Saturday, September 8, 2012

Baltimore Raven Brendon Ayanbadejo stands up for marriage equality

It only takes a quick Google search to find out how many Baltimore Ravens players have been arrested over the past decade. Here's a partial rap sheet: driving under the influence, assaulting a police officer, possession of cocaine and domestic violence.

I wonder how many times Maryland lawmaker Emmett C. Burns Jr. has written letters to team owner Steve Bisciotti criticizing the actions of those football players? Please correct me if I'm wrong, but my guess is zero.

But apparently, there's a Ravens player whose actions were so offensive - injurious is the word Burns used - that he felt compelled to share his dismay, on official stationery, and demand that the team owner put a halt to this behavior.

What, you might ask, did linebacker Brendon Ayanbadejo do to arouse the anger of a Maryland official? He publicly stated his support for same-sex marriage, which will be on the ballot in Maryland in November.

"It's an equality issue," Ayanbadejo said. "I see the big picture. There was a time when women didn't have rights. Black people didn't have rights. Right now, gay rights is a big issue and it's been for a long time. We're slowly chopping down the barriers to equality."

Burns says that his constituents are "appalled and aghast that a member of the Ravens Football Team would step into this controversial divide and try to sway public opinion one way or the other."  He asks Bisciotti to "inhibit such expressions from your employee."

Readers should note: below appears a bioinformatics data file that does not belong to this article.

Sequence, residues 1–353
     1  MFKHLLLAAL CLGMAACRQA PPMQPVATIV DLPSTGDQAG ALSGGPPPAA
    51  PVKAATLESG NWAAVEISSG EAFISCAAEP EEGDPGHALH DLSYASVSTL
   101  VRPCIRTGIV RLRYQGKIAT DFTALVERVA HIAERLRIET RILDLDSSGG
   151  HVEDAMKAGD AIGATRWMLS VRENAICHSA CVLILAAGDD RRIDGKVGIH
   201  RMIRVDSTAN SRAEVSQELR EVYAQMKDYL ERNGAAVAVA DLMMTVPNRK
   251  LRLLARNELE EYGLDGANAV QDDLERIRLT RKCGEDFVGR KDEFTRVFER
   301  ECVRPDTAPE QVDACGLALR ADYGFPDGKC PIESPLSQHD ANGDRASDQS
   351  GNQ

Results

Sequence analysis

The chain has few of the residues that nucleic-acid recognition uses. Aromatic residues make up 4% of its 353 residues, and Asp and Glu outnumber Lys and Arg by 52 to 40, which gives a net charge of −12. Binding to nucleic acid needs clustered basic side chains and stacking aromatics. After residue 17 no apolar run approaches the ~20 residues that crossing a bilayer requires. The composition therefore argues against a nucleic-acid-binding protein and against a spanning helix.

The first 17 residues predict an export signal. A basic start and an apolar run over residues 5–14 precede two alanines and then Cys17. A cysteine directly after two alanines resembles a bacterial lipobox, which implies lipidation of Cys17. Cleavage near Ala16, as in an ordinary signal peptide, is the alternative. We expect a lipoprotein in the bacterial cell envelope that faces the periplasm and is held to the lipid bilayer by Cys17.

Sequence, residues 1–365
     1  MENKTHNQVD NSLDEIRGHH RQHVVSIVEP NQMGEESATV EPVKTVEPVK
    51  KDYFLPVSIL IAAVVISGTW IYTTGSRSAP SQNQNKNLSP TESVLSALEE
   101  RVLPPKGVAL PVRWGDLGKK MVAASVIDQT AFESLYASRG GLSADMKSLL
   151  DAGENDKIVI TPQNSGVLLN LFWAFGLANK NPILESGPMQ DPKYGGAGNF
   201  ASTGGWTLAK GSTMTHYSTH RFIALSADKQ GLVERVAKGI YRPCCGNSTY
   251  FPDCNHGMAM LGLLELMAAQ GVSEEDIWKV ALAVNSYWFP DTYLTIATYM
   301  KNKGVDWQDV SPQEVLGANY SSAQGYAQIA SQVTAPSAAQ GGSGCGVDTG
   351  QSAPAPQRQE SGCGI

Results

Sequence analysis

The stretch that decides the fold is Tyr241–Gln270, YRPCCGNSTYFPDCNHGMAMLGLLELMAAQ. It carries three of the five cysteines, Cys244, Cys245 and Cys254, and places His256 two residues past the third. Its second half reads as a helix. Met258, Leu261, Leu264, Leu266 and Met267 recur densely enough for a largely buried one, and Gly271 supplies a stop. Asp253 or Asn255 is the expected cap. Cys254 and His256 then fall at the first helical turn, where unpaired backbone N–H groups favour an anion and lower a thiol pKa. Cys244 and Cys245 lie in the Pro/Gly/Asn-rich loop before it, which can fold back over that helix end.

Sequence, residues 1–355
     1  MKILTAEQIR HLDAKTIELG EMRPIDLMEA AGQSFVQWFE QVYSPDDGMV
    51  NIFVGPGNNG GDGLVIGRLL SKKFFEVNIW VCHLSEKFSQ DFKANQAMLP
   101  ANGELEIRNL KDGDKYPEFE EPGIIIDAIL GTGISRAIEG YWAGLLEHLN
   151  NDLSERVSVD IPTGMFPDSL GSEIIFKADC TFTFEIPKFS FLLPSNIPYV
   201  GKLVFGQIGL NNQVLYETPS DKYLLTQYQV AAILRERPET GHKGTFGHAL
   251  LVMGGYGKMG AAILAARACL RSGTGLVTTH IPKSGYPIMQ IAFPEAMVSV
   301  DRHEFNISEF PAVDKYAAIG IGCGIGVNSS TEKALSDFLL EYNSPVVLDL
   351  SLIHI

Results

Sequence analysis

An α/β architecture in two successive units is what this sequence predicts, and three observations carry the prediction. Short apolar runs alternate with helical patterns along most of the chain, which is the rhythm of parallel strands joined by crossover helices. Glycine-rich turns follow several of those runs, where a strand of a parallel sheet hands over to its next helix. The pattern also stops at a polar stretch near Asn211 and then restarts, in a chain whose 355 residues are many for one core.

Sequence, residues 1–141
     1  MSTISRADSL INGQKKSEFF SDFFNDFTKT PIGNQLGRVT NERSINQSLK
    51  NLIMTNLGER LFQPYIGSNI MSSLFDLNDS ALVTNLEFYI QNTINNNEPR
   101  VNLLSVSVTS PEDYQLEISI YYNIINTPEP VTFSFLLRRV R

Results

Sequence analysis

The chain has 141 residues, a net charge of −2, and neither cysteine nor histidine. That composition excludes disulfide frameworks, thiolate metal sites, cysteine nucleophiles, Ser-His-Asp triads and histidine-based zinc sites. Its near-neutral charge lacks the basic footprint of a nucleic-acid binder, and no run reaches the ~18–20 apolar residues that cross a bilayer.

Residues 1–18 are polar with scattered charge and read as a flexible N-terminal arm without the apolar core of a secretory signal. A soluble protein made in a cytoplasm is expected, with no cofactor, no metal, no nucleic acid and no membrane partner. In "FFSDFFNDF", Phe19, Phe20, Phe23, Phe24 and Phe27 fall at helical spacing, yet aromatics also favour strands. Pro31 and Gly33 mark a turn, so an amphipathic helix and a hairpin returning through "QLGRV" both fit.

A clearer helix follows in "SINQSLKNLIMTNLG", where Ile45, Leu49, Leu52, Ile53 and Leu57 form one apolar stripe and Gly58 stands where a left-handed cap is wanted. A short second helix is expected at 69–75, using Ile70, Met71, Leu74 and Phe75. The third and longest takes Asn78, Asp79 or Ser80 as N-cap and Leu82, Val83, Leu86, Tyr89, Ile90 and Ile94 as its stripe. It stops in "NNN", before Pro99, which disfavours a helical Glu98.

The idea that a lawmaker would write to someone's employer demanding that he be silenced is reprehensible and un-American. Last time I checked we still had a First Amendment and I think the right to free speech extends to professional football players. 

Brendon Ayanbadejo should be applauded for standing up so publicly in support of marriage equality. And kudos, too, to Minnesota Vikings punter Chris Kluwe for adding his voice. The right to marry the person they love isn't a fight our gay and lesbian friends, coworkers, neighbors and family should have to make alone.

In responding to Burns' letter, Ayanbadejo says the right to free speech "is what our country was founded upon. For somebody to try to take that away from me, I was pretty surprised. From a politician especially." Clearly, he's the one who should be in the Maryland legislature.

As for Burns, I think Domonique Foxworth, president of the NFL Players Association, says it best in defending the rights of players to speak out on matters of public concern that some may consider controversial:

"I guess the really surprising thing was that once I heard about it, I looked up who Emmett Burns was. Just to see a 70-something-year-old man who grew up in Jackson, Mississippi, who shares a first name with Emmett Till, who was essentially a martyr for freedom of speech and freedom of expression ... For someone who has had that unique life experience to encourage silencing an individual, you would assume it would go against what everything someone like that would believe. I can't imagine a black person growing up in Mississippi would ever have been in favor of quieting someone's free speech. It's odd."

Update: 1-22-13 The Baltimore Ravens are going to the Super Bowl and Brendon Ayanbadejo has offered to use his moment in the spotlight to do what he can for marriage equality and anti-bullying efforts. Thank-you Brendon and go Ravens! And congratulations to all of the gay and lesbian couples in Maryland, Maine and Washington state who are now able to marry the person they love.

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